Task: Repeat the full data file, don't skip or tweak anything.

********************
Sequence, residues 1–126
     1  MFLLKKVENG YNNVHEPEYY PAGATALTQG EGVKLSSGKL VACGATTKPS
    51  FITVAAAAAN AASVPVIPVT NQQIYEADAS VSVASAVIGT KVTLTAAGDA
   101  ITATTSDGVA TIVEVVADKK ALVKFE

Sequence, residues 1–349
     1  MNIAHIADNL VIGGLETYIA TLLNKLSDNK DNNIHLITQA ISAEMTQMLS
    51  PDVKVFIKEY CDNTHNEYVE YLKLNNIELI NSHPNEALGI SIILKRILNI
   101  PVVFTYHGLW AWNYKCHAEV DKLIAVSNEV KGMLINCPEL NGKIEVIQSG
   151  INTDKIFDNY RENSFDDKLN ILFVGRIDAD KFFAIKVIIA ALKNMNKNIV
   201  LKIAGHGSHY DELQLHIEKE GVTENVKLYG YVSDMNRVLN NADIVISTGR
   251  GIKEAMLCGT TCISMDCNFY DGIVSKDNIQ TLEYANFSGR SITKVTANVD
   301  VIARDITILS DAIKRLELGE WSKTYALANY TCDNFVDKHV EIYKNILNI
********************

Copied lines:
Sequence, residues 1–126
     1  MFLLKKVENG YNNVHEPEYY PAGATALTQG EGVKLSSGKL VACGATTKPS
    51  FITVAAAAAN AASVPVIPVT NQQIYEADAS VSVASAVIGT KVTLTAAGDA
   101  ITATTSDGVA TIVEVVADKK ALVKFE

Sequence, residues 1–349
     1  MNIAHIADNL VIGGLETYIA TLLNKLSDNK DNNIHLITQA ISAEMTQMLS
    51  PDVKVFIKEY CDNTHNEYVE YLKLNNIELI NSHPNEALGI SIILKRILNI
   101  PVVFTYHGLW AWNYKCHAEV DKLIAVSNEV KGMLINCPEL NGKIEVIQSG
   151  INTDKIFDNY RENSFDDKLN ILFVGRIDAD KFFAIKVIIA ALKNMNKNIV
   201  LKIAGHGSHY DELQLHIEKE GVTENVKLYG YVSDMNRVLN NADIVISTGR
   251  GIKEAMLCGT TCISMDCNFY DGIVSKDNIQ TLEYANFSGR SITKVTANVD
   301  VIARDITILS DAIKRLELGE WSKTYALANY TCDNFVDKHV EIYKNILNI